R. M. Johnson, . . Simon & Schuster, $23 (352pp) ISBN 978-0-7432-1600-5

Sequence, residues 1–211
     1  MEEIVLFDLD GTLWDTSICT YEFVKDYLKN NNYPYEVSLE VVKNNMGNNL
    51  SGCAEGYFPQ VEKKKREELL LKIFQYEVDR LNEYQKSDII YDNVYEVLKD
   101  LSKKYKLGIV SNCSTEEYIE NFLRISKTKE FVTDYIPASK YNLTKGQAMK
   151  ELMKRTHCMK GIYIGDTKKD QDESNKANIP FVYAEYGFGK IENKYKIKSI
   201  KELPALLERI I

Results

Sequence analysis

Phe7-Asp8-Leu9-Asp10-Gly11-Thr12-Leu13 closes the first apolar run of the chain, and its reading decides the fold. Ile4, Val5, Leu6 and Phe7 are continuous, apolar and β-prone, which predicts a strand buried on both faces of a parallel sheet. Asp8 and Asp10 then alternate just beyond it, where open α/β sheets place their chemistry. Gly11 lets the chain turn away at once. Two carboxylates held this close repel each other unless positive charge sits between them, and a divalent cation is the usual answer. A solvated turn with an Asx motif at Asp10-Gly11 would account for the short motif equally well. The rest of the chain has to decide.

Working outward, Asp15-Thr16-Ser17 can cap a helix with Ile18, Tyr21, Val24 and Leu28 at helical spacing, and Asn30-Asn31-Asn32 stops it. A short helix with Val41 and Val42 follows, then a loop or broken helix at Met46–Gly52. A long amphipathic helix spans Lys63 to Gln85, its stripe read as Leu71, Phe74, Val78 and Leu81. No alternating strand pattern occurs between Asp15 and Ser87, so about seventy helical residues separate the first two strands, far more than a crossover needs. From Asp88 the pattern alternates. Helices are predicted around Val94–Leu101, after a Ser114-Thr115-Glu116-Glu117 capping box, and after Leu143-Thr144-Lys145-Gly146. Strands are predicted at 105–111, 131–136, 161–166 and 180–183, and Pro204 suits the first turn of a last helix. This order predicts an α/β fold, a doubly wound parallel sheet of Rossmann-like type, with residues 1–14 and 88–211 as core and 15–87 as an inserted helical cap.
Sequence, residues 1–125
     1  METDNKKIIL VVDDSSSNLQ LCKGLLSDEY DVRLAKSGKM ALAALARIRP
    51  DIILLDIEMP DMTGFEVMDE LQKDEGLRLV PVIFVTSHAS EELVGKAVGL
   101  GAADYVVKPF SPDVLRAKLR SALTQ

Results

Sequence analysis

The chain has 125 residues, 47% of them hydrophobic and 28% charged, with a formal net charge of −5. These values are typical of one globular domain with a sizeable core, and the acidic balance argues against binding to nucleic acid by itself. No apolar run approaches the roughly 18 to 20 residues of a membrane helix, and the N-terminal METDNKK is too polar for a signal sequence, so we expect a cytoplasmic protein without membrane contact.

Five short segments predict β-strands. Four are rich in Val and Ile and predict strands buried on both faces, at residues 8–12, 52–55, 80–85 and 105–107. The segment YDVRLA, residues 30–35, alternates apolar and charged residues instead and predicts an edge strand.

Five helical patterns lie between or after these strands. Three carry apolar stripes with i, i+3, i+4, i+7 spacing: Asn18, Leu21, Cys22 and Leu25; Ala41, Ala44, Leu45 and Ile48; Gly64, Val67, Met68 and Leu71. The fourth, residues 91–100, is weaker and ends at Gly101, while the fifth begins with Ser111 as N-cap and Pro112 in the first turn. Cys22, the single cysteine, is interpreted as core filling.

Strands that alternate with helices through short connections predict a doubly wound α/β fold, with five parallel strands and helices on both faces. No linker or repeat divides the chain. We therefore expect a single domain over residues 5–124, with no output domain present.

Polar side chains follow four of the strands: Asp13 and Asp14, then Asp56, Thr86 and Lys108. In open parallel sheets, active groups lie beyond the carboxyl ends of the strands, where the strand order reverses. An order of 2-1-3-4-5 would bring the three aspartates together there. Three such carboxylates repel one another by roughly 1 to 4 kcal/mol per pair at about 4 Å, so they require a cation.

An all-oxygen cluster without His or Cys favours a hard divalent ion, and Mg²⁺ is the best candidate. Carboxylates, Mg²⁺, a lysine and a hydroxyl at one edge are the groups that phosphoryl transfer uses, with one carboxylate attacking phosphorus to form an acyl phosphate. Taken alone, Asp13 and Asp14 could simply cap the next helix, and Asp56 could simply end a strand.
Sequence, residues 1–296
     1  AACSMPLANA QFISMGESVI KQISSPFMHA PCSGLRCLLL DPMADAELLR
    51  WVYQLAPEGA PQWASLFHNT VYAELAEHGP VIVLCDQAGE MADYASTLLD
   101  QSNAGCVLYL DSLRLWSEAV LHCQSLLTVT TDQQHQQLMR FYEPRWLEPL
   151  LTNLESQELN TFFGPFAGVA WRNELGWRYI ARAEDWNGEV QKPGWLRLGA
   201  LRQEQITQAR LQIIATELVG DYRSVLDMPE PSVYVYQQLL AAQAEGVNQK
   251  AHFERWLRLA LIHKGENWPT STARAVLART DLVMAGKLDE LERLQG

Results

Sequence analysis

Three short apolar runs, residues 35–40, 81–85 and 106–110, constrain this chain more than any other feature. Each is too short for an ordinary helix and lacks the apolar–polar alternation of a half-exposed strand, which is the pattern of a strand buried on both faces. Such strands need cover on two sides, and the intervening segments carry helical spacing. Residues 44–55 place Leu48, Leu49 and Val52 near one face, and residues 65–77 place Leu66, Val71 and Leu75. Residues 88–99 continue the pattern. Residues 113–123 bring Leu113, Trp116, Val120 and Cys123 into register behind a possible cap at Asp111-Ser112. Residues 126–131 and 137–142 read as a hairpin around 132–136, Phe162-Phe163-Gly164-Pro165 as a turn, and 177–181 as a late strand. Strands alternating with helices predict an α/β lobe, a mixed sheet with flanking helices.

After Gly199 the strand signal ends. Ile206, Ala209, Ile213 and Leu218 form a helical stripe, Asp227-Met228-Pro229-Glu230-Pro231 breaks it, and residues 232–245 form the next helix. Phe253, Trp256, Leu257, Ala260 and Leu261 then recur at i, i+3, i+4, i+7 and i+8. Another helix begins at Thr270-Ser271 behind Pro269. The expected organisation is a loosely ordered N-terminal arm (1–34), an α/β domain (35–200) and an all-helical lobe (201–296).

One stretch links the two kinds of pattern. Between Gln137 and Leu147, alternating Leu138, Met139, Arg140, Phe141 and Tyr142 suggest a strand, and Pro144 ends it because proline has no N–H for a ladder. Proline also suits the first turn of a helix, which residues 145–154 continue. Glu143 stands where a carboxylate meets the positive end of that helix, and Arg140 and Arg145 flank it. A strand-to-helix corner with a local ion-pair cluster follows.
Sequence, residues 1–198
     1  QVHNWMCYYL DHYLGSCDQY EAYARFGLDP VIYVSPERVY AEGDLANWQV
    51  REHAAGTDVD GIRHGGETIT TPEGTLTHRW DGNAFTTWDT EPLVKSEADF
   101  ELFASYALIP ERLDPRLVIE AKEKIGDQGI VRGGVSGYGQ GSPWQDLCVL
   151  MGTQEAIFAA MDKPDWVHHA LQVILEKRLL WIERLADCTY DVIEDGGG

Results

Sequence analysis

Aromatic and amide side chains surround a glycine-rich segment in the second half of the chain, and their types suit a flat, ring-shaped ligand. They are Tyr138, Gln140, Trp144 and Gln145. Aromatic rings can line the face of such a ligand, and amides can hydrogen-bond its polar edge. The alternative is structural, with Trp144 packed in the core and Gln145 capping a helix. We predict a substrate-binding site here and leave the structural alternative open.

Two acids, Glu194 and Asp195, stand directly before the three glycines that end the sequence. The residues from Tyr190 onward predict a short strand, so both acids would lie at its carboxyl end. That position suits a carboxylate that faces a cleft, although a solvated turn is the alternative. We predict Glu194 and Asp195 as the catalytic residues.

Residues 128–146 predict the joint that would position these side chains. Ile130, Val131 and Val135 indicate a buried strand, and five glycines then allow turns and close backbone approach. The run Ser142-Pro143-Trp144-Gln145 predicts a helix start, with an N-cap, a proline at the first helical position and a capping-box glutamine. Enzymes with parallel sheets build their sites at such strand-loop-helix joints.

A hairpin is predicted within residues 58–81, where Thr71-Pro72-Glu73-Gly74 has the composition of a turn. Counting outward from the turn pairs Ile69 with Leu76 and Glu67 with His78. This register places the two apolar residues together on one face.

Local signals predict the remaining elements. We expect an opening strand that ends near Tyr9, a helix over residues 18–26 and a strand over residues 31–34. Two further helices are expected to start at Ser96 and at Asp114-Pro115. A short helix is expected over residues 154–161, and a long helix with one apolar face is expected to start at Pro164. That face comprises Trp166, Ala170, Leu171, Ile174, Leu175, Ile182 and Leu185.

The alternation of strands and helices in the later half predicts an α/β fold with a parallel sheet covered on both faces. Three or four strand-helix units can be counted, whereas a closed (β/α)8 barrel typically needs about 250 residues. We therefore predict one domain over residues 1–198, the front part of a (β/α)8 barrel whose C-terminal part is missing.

Johnson's sequel to The Harris Men picks up five years after the previous book ended, reintroducing readers to guilt-plagued patriarch Julius Harris and his three estranged sons: Austin, Marcus and Caleb. It tries to explore issues of forgiveness, redemption and familial solidarity within a humanistic framework, but is quickly sunk by graceless prose, hilariously awkward dialogue—"My nipples are so hard I could cut diamonds," one breathless lover murmurs—and a sensibility so middlebrow it would make Barry Manilow wince. Worse yet, Johnson's cast of middle-class African-American protagonists comprises only vapid, generic and underdeveloped soap opera stereotypes. In The Harris Man, Julius discovered he had cancer, and tried to reconcile with the adult sons he abandoned years ago; now, he learns that the cancer has gone into remission. Since Julius was able to win over only Caleb in the previous book, he spends most of this one working on Marcus and Austin. Along the way, the narrative shifts between Julius and each of his progeny, all of whom have grown up with some pretty serious character defects, as a result of not having a father around during their formative years. Marcus is self-centered and juvenile, reluctant to commit to his girlfriend, Reecie. Austin is similarly shallow, an arrogant lawyer who's willing to play custody games with his kids just to get back at his ex-wife. Caleb, an ex-con, is the best of the lot, but his quest to rescue former girlfriend Sonya and son Jahlil from evil drug-dealer Curtis is pure pulp melodrama. It occasionally manages to be trashily readable, but Johnson's second effort is mostly flat, predictable and trite. Agent, Warren Frazier, John Hawkins & Associates. 5-city author tour. (Nov.)